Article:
Why we don't need more programmers

November 30, 2015

This post is directed towards those learning to program at universities and elsewhere.

Most of the people I know aren’t programming anything creative. They’re working on the same old washed up concepts. An app for this, a social network for that.

In an environment where there is so much to explore people consistently focus on the trivial. They observe at the wrong magnification and categorize superficially. They fixate on a few details and ruminate, endlessly.

I think this stems from how people see themselves.

“I’m a programmer.”

It’s a word that says so little, but yet takes up so much space. When you identify as a programmer you’re inherently throwing away information about yourself. It implies a lack of intent. Calling yourself a programmer is limiting. Calling yourself a programmer is lazy.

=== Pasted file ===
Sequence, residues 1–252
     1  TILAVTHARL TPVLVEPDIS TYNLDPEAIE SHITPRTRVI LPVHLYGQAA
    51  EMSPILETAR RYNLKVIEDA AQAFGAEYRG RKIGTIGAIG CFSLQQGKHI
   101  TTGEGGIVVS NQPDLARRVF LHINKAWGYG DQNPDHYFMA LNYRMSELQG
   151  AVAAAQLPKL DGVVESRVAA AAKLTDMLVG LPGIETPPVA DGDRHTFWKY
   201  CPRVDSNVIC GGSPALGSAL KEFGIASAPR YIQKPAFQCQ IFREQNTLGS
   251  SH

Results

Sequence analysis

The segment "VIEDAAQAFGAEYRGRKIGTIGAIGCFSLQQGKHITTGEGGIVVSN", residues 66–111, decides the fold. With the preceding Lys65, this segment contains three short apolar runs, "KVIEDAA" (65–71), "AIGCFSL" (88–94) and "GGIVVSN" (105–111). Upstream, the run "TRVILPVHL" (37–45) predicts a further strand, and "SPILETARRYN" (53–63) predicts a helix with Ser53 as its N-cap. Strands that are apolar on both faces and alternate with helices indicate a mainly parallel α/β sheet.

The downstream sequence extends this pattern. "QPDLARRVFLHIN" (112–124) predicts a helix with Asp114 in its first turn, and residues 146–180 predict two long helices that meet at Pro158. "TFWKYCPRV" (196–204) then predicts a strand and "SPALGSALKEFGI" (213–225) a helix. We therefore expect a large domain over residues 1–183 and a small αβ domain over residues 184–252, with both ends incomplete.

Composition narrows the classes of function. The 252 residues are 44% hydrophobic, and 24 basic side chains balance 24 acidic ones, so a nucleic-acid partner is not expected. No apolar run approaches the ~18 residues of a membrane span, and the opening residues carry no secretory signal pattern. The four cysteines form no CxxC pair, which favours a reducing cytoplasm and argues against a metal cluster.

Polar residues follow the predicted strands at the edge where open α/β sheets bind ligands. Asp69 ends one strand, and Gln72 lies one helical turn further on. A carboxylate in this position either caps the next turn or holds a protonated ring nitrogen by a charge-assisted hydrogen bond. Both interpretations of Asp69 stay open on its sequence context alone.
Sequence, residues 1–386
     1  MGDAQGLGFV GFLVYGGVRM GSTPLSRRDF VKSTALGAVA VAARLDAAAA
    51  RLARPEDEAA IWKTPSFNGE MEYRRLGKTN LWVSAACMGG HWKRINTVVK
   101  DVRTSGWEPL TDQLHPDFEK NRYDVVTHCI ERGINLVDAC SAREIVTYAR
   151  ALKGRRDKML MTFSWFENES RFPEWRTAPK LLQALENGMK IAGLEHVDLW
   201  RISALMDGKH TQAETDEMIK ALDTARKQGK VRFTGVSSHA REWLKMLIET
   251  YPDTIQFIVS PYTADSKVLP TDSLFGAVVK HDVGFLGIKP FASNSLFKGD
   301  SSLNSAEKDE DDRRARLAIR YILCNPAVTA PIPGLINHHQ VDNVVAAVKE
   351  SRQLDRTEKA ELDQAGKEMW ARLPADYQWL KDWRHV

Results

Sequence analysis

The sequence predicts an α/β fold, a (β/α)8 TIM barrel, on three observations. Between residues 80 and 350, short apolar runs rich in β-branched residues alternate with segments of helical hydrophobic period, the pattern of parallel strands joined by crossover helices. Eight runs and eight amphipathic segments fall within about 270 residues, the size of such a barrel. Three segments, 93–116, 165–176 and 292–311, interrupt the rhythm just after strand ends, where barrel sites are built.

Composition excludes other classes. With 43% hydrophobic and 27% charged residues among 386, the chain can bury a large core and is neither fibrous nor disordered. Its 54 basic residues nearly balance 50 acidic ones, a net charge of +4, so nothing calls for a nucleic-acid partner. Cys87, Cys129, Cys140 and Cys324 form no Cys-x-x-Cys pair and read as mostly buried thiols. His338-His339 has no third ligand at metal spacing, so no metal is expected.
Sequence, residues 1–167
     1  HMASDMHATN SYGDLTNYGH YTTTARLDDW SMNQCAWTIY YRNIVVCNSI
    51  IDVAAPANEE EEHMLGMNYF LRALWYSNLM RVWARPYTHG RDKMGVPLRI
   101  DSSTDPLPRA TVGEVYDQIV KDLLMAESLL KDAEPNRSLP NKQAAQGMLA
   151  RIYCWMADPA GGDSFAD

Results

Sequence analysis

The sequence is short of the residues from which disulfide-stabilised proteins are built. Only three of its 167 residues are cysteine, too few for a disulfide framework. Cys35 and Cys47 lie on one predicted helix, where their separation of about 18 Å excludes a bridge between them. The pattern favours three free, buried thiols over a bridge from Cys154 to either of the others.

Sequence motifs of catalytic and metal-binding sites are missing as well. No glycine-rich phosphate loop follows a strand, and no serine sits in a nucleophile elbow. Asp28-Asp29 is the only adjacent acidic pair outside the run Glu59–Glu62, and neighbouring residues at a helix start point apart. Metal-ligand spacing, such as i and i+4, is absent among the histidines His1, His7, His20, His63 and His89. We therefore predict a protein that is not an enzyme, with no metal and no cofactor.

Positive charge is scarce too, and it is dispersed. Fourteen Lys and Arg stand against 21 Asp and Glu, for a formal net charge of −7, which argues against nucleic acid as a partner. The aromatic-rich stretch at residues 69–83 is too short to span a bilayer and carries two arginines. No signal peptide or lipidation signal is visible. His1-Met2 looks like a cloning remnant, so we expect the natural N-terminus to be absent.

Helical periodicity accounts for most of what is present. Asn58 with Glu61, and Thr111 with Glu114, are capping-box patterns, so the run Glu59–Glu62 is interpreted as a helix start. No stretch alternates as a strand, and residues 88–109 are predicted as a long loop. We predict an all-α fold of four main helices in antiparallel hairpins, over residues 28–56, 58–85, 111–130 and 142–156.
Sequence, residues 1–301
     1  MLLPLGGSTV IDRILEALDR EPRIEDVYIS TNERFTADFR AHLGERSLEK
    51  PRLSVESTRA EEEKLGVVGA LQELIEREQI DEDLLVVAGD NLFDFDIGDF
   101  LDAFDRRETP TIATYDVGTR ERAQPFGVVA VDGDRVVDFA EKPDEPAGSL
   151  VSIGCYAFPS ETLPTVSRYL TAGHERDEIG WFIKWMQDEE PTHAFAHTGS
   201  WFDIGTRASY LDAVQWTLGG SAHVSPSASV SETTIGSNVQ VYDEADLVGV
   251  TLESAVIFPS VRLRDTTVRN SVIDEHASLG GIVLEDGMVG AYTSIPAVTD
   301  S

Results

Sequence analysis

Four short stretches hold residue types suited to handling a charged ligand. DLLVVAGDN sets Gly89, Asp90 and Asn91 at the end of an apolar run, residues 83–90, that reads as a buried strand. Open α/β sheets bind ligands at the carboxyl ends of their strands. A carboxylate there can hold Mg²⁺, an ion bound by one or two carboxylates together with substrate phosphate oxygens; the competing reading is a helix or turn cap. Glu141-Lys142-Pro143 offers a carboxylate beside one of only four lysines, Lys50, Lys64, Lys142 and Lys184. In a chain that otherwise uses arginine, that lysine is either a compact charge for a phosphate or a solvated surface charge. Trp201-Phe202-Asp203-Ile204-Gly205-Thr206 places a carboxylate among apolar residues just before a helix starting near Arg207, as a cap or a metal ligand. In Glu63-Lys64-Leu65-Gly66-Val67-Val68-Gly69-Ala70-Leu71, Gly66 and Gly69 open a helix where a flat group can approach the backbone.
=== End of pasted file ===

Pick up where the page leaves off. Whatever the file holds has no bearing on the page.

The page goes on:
You may say, well that’s just language. You’re right, but language is what we use to communicate. Language is how we think. Language is powerful.

When you free yourself from restrictive language you free yourself from restrictive thoughts.

So be an artist who codes an exhibit. Be a sound engineer who generates music. Be a game maker who creates adventure. Be a statistician who discovers patterns. Be a networking magician who conjures common ground. But don’t be just another programmer.